[Dots between square brackets indicate cuts made by Sidney Colvin. For full, correct and critical edition of this letter, see Mehew 4, 1107.]
To Edmund Gosse [Colvin 1911, 2, pp. 136-137]
La Solitude, Hyères-les-Palmiers, Var, France, May 21, 1883
My dear Gosse,
The night giveth advice, generally bad advice; but I have taken it. And I have written direct to Gilder to tell him to keep the book back and go on with it in November at his leisure. I do not know if this will come in time; if it doesn’t, of course things will go on in the way proposed. […]
The £40, or, as I prefer to put it, the 1000 francs, has been such a piercing sun-ray as my whole grey life is gilt withal. On the back of it I can endure. If these good days of Longman and the Century only last, it will be a very green world, this that we dwell in and that philosophers miscall. I have no taste for that philosophy; give me large sums paid on the receipt of the MS and copyright reserved, and what do I care about the non-bëent?
Only I know it can’t last. The devil always has an imp or two in every house, and my imps are getting lively.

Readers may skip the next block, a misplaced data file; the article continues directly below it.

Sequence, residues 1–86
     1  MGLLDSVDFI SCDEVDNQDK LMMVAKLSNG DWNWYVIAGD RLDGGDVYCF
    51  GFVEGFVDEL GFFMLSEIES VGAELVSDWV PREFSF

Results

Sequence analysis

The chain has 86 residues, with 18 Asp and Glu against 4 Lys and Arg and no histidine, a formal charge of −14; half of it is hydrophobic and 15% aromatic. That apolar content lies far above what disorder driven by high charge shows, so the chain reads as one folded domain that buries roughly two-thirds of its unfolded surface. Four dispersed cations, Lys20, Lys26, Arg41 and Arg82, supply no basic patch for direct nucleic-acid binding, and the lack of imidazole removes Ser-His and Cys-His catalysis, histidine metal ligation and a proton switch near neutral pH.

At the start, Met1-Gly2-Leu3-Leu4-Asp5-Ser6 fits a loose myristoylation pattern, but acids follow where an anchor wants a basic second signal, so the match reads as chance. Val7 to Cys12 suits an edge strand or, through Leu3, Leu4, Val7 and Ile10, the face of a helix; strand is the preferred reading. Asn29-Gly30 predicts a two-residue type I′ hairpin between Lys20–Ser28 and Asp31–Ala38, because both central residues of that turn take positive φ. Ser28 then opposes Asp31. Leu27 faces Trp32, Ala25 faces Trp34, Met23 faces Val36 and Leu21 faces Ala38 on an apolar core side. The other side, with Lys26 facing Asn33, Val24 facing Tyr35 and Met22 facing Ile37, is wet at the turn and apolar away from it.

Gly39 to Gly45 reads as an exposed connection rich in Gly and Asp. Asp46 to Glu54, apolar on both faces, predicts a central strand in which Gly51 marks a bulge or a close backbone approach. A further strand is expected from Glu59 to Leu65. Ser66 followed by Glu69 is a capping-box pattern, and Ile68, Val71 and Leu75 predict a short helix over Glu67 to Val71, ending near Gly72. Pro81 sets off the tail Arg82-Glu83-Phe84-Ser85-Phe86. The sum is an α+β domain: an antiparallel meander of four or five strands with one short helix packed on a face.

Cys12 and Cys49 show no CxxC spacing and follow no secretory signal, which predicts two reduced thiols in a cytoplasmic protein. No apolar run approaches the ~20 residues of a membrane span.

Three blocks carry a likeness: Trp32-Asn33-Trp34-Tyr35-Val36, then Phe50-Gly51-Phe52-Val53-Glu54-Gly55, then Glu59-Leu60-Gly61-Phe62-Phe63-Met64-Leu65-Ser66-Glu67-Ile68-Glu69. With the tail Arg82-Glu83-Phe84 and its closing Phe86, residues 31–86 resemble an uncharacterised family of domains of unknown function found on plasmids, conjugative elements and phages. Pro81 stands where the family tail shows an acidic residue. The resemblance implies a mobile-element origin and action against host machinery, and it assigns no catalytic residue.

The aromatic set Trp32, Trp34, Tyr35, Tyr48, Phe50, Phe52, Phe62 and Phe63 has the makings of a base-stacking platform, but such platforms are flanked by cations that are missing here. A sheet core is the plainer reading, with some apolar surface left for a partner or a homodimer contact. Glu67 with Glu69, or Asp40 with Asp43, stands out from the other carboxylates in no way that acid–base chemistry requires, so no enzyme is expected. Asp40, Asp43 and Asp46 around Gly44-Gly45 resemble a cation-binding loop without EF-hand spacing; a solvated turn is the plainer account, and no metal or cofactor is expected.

The good lady, the dear, kind lady, the sweet, excellent lady, Nemesis, whom alone I adore, has fixed her wooden eye upon me. I fall prone; spare me, Mother Nemesis! But catch her!
I must now go to bed; for I have had a whoreson influenza cold, and have to lie down all day, and get up only to meals and the delights, pure delights, of business correspondence.
You said nothing about my subject for a poem. Don’t you like it? My own fishy eye has been fixed on it for prose, but I believe it could be thrown out finely in verse, and hence I resign and pass the hand. Twig the compliment?